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A transparent to translucent glassy mineral, essentially aluminum beryllium silicate, Be3Al2Si6O18, occurring in hexagonal prisms and constituting the chief source of beryllium. Transparent varieties in white, green, blue, yellow, or pink are valued as gems.

[Middle English, from Old French, from Latin bēryllus, from Greek bērullos, from bērullion, from Prakrit veruliya, from Pali veḷuriya; perhaps akin to Tamil veḷiru or viḷar, to whiten, become pale.]

ber′yl·line (-ə-lĭn, -līn′) adj.
American Heritage® Dictionary of the English Language, Fifth Edition. Copyright © 2016 by Houghton Mifflin Harcourt Publishing Company. Published by Houghton Mifflin Harcourt Publishing Company. All rights reserved.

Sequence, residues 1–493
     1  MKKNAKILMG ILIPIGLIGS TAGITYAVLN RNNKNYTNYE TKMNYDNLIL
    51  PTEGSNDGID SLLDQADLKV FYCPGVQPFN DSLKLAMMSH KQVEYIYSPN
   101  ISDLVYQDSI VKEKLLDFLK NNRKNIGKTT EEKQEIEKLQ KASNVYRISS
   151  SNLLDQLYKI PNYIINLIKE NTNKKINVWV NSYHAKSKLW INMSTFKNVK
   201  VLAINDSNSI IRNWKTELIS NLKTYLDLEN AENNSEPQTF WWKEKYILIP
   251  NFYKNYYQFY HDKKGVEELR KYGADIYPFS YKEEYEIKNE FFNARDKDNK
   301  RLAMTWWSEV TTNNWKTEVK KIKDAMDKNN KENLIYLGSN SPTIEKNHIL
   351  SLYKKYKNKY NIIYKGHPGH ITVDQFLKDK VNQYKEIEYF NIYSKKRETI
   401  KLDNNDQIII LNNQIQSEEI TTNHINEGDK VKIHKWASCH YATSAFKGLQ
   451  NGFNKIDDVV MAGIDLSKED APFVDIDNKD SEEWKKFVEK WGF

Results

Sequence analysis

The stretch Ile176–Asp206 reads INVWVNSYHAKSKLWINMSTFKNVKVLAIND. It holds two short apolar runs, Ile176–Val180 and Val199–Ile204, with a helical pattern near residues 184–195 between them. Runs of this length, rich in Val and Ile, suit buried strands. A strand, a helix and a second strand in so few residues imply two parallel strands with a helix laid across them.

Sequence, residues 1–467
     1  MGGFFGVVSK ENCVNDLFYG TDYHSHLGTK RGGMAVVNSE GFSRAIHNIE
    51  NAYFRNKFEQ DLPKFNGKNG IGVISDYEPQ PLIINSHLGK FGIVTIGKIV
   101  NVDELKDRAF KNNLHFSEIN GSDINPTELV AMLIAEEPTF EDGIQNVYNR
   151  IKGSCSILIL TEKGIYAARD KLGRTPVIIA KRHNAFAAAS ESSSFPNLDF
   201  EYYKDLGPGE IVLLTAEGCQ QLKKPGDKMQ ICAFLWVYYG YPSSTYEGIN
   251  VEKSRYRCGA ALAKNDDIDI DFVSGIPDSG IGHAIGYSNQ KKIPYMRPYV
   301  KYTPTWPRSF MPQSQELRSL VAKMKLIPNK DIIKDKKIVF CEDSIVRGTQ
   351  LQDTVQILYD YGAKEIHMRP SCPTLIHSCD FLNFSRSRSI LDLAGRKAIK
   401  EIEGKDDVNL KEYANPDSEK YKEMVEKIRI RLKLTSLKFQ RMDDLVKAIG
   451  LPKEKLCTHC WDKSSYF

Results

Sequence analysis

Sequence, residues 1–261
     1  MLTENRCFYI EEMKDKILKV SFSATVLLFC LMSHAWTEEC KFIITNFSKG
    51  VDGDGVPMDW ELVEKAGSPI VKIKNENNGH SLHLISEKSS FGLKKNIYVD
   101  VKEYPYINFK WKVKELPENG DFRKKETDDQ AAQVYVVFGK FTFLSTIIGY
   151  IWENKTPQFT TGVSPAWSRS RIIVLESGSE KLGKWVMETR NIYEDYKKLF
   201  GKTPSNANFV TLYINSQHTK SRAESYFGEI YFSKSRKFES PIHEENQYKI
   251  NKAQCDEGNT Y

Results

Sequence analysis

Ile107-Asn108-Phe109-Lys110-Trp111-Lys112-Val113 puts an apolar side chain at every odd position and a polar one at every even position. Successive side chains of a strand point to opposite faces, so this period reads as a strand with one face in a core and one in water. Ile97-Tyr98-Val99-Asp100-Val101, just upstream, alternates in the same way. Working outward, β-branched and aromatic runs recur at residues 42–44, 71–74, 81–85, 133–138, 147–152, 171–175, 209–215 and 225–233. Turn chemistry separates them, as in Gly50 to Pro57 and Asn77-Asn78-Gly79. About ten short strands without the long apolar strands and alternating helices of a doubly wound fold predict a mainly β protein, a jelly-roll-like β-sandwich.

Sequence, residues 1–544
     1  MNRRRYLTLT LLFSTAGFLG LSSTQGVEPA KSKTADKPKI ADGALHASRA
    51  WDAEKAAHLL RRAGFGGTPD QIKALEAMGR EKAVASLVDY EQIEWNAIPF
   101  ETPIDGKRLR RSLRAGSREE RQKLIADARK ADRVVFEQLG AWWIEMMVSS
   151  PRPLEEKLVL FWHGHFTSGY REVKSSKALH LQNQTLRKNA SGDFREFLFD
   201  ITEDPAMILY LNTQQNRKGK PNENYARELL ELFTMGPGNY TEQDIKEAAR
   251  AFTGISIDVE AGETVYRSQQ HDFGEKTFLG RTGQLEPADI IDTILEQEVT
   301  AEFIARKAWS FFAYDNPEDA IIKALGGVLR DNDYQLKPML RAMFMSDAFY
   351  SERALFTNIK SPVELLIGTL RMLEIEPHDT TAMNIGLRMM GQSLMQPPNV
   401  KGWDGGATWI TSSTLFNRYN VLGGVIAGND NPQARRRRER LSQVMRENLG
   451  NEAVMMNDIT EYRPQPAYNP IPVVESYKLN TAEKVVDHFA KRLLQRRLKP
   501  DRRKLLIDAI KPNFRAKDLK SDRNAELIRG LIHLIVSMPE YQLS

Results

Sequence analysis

References in periodicals archive ?
Beginning with Allen's Hummingbird, an alphabetical listing of the birds extant in North America is presented, including Anna's, Berylline, Black-chinned, Buff Bellied, Calliope and Costa's, and on through Lucifer, Magnificent (Rivoli), Ruby-throated, Rufous, Violet Crowned, and finally White-eared.
Finally, the Western Pewee Contopus sordidulus, the Berylline Hummingbird Amazilia berillyna, the Solitary Vireo Vireo solitarius, the Hepatic Tanager Piranga flava, the Black-throated Grey Warbler Dendroica nigrescens, the Gray-breasted Jay Aphelocoma ultramarina and the Ruby-crowned Kinglet Regulus calendula which were mixed and oak woodland birds (Table 3).
Among them are the white-eared (Hylocharis leucotis), which bears a heavy white eye stripe and red bill, and the berylline (Amazilia berylline), which is dominantly green.